Understanding the physical harm of taking more than one antipsychotic drug for people with schizophrenia

WestMental Health
Start Date: 5 Jan 2017

Understanding the physical harm of taking more than one antipsychotic drug for people with schizophrenia

Schizophrenia is a serious mental illness which affects about 1 per cent of people. The most common treatment for schizophrenia is a type of drug called an antipsychotic. Many patients are prescribed more than one at a time, even though experts recommend that only one should be taken at a time. There is also no clear evidence that taking more than one antipsychotic drug at a time is more effective.

People with schizophrenia die about 20 years earlier than those without a serious mental illness. This is partly because they are more likely to have serious health problems such as obesity, diabetes, high blood pressure and high cholesterol. All of these increase the risk of having a heart attack or stroke. People may be more likely to have these problems if they take more than one antipsychotic over a long time, although we don’t have firm evidence about this.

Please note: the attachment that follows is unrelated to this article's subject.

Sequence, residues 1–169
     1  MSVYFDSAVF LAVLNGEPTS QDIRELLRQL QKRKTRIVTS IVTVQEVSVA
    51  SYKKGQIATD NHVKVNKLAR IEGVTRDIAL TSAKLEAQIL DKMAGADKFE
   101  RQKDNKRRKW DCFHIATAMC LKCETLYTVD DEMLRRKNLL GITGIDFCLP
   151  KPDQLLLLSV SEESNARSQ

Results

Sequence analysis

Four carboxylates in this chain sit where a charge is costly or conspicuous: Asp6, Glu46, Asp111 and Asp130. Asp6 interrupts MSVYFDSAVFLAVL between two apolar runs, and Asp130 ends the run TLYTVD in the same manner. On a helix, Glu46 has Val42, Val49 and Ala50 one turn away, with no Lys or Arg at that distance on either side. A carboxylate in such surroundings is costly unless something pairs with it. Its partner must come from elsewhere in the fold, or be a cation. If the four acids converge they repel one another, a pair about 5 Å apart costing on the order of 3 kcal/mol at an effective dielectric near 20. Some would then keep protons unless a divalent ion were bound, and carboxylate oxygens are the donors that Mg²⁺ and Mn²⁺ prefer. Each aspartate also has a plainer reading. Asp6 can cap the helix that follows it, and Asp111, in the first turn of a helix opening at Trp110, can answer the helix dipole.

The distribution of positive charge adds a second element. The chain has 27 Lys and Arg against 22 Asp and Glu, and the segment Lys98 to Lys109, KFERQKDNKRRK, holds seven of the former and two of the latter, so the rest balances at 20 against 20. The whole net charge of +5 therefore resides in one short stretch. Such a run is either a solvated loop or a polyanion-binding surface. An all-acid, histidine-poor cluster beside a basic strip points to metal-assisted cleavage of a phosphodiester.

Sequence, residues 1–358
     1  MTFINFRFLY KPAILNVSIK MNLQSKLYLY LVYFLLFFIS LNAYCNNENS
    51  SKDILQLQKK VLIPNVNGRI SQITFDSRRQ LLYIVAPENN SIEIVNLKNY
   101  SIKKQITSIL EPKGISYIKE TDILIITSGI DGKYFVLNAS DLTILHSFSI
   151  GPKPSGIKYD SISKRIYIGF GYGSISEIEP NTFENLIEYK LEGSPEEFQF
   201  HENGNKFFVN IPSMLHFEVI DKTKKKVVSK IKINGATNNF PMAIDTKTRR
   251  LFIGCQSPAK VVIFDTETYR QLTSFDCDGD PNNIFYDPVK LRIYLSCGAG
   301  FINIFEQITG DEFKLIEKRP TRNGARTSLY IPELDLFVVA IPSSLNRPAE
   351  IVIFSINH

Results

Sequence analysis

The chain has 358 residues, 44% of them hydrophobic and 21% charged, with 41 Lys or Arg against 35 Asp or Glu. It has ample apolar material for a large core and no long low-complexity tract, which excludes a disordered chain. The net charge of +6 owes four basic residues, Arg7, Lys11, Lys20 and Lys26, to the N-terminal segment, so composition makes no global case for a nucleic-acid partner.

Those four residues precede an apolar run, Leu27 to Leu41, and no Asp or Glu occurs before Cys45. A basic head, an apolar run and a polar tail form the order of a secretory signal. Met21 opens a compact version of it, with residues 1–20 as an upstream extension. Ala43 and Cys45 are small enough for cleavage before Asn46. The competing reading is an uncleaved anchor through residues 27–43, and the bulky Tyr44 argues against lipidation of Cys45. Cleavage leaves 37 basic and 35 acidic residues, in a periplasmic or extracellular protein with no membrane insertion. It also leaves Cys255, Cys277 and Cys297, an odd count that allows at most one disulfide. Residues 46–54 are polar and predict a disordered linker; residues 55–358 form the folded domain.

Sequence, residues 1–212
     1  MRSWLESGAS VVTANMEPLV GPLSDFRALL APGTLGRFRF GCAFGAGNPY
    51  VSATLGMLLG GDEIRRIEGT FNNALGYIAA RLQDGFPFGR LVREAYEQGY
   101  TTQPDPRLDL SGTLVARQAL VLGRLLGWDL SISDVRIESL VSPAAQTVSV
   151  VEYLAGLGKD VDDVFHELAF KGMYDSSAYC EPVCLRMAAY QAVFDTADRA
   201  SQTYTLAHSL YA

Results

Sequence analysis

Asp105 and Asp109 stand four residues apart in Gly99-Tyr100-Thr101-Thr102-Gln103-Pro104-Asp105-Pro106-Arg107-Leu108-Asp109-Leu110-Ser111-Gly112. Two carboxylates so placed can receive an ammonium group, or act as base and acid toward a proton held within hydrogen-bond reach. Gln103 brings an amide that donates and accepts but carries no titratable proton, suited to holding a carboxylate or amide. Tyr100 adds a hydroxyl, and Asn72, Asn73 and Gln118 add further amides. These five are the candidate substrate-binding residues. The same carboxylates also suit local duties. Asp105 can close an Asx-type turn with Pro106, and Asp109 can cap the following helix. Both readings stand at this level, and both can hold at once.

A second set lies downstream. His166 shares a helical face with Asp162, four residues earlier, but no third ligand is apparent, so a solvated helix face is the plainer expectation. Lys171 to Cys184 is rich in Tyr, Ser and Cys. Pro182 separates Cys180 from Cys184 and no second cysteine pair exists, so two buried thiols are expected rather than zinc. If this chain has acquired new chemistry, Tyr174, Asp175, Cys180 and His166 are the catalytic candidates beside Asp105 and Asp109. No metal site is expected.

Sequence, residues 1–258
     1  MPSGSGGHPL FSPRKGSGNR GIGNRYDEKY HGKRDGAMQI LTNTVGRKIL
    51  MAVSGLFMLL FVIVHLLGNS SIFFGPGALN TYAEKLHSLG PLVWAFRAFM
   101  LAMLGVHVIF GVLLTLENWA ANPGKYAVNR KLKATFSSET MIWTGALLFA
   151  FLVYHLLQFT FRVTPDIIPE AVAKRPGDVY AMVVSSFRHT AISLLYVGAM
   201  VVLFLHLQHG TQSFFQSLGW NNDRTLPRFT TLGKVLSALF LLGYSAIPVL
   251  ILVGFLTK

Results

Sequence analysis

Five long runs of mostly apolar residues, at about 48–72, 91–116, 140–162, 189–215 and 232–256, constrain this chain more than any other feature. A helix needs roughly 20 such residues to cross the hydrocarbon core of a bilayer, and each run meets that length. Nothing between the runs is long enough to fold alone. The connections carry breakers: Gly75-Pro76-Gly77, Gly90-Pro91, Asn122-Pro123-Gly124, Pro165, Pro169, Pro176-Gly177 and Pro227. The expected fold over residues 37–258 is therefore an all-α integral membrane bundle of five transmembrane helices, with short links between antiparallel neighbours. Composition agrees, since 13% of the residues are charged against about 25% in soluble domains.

In this study, we will look at information that’s routinely collected at GP surgeries for a large group of middle-aged people with schizophrenia, to find out how many antipsychotic drugs they are prescribed. We will then follow them for up to 15 years to find out whether they are diagnosed with one of these serious health problems.

Project aims

We want to find out whether taking more than one antipsychotic drug increases the chance of having these serious physical health problems. If people who take more than one antipsychotic are more likely to have one of these illnesses, this may indicate that taking two or more of these drugs in the long-term is harmful. If so, it would be vital to ensure that people aren’t prescribed more than one antipsychotic drug.

We will also try to find out whether the health risks are due to taking higher doses of these drugs overall, or whether certain combinations of drugs are particularly harmful.

Anticipated impacts

This project will help health professionals make safe prescribing decisions for people with schizophrenia. We hope this will lead to better overall health for people with schizophrenia, reducing the life expectancy inequalities that they face.

Contact 
Dr Paul Moran
paul.moran@bristol.ac.uk